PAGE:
John Cleese cancels appearance over Hitler impersonation debate

An Adolf Hitler print at Cambridge University has sparked a fight over the limits of free speech and has brought Monty Python comedian John Cleese into the fray.

The impersonation was featured in a debate last week on whether there is “good taste.” Andrew Graham-Dixon, an art historian, posed as Hitler as an example of bad taste, arguing that good and bad taste exist.

At the time, Keir Bradwell, president of Cambridge Union, a debating society, jokingly thanked Graham-Dixon for the impersonation.

The impersonation came when British universities faced criticism, including from the government, for allegedly failing to act harshly enough on expressions of anti-Semitism. And since then, Bradwell changed course and issued an apology for not interrupting Graham-Dixon.

That conviction has prompted Cleese, a free speech advocate, to cancel his attendance at an upcoming event at the Cambridge Union. He said he made the decision in protest of the university’s treatment of Graham-Dixon.

“I really wanted to speak to Cambridge Union students this Friday, but heard that someone has been blacklisted for impersonating Hitler,” Cleese wrote on Twitter Wednesday. “I’m sorry I did the same thing in a Monty Python program, so I get blacklisted before anyone else.”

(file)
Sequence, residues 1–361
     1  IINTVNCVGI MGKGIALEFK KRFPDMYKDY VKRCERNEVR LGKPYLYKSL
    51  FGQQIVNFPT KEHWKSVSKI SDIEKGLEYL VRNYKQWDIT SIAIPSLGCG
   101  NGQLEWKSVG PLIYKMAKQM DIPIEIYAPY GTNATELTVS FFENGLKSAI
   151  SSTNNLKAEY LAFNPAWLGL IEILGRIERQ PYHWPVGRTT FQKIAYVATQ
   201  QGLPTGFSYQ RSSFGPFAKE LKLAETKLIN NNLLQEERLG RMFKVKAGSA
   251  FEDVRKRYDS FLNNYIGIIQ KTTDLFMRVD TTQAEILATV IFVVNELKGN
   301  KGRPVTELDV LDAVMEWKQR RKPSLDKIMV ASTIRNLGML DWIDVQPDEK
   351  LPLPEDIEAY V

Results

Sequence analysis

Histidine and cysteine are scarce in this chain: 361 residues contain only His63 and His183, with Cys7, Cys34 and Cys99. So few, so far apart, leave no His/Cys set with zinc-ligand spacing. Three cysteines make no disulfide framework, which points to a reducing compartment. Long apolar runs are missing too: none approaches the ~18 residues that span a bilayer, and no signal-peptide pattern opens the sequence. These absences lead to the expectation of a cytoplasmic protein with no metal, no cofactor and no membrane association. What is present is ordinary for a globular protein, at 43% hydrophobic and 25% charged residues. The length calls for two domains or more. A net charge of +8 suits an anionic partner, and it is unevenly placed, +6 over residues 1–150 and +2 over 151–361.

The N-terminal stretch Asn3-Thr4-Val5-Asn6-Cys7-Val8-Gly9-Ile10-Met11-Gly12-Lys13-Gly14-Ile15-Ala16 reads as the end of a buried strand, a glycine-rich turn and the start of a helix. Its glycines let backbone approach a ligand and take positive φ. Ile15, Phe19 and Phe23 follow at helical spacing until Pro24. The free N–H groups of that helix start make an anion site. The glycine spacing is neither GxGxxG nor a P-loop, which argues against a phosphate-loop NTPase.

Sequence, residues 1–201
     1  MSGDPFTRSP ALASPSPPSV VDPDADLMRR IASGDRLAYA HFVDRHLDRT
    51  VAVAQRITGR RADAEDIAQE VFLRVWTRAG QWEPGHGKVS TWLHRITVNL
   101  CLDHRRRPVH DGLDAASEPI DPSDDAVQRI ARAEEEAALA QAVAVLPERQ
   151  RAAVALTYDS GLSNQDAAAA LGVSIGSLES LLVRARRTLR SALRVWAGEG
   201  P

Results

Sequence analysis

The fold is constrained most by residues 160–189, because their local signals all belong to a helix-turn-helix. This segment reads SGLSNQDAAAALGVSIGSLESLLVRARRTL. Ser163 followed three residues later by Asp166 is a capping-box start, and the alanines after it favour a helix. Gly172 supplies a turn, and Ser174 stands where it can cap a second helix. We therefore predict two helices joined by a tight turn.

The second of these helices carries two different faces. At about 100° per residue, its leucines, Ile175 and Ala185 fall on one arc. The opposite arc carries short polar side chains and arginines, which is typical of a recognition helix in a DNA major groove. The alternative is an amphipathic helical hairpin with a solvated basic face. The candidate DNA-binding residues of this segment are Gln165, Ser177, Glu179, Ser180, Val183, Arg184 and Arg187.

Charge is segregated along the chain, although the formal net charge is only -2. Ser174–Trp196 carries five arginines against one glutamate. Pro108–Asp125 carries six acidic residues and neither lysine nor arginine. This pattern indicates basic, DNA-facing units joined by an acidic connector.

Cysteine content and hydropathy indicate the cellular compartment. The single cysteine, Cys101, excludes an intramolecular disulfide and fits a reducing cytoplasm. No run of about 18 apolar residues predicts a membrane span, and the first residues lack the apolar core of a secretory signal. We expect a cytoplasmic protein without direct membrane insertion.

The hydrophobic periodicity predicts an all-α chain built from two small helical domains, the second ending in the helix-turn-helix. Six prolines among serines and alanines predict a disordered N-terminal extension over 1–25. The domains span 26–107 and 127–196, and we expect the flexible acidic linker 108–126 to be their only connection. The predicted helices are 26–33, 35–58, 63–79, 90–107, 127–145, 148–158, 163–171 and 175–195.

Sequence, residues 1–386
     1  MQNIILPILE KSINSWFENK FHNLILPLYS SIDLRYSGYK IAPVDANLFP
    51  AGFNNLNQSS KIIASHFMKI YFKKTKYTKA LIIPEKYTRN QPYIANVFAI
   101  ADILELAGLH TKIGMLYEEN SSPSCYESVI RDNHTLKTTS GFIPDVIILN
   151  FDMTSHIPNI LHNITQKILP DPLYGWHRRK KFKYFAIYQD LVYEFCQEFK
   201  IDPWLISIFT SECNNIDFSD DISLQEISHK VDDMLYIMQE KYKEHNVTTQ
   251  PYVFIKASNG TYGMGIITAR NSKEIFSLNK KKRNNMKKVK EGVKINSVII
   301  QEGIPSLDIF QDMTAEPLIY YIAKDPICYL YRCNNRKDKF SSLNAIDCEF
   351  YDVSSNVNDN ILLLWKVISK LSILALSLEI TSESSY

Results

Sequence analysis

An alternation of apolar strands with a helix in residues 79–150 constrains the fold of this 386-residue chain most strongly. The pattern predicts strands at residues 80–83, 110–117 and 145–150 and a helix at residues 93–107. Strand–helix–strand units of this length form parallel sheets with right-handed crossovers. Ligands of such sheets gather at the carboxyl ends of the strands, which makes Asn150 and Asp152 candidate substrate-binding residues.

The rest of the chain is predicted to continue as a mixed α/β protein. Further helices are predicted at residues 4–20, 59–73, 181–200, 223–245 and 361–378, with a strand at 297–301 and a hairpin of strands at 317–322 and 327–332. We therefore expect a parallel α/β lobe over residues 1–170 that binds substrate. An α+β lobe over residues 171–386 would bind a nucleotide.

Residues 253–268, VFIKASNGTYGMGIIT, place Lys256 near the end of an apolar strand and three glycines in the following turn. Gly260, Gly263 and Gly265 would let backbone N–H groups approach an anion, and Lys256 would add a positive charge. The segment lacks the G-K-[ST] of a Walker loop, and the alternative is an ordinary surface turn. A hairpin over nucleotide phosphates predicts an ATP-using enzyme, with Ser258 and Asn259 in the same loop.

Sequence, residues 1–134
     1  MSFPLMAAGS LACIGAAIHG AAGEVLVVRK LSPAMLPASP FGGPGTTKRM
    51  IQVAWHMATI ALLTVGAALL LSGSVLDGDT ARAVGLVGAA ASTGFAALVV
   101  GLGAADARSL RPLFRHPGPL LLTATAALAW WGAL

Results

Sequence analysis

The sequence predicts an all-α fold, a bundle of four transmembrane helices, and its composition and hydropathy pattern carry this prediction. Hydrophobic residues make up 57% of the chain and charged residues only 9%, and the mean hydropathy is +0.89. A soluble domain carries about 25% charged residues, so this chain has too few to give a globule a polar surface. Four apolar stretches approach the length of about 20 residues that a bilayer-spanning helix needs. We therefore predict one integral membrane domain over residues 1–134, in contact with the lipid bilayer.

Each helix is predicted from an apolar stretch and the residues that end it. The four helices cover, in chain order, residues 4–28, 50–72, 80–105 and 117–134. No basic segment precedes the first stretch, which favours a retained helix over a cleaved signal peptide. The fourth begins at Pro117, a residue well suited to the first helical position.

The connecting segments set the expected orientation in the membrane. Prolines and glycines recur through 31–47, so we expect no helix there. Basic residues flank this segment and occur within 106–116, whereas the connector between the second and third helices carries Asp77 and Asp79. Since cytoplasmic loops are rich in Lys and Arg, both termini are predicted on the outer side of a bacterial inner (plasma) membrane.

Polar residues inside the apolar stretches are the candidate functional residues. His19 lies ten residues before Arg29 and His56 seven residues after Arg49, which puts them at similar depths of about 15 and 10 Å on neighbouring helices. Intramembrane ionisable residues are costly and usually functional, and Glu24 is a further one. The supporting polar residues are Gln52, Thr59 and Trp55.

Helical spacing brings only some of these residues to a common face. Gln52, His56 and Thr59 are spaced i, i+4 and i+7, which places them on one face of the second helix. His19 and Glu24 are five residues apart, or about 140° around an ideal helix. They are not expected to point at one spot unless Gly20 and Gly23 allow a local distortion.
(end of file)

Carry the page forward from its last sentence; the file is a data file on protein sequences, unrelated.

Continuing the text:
Cleese was scheduled to appear in Cambridge as a guest of the debating society as part of his new documentary series, “Cancel Me,” in which Cleese interviews people who are perceived to have been penalized or silenced for making offensive statements.

In the debate, Graham-Dixon spoke like Hitler, putting on a German accent while giving a Nazi salute.

“The cultural struggle through taste, my struggle, my struggle, the struggle of Adolf Hitler, I was a watercolor painter, I was rejected, my German art, my purity, was rejected”, said Graham-Dixon with a German accent before some 400 listeners. , as shown in images of the debate obtained by the Varsity news site. “The romantic tradition of German art was rejected by this modern art, this horrible modern art that was promoted by the Jews.”

The audience of 400 people voted for Graham-Dixon in the debate. At the event, Bradwell praised Graham-Dixon for “perhaps the longest impression of Hitler this camera has ever received, a remarkable achievement for tonight.”

But days later, Bradwell apologized for not interrupting Graham-Dixon.

“I would like to offer my unreserved apologies for the comments made by a speaker in our debate on Thursday night,” he wrote in a statement posted Saturday on Twitter. “Neither I nor society tolerate the thoughtless and grotesque language used by the individual in question, and I am sorry I did not intervene at the time.”

He added that, “my failure to intervene was solely a matter of lack of courage to detain someone in front of a room of 400 people. The speaker came as a respected art critic, and there was no indication that he would make the comments he did. I wish we could have anticipated the comments he made and chose someone else. “

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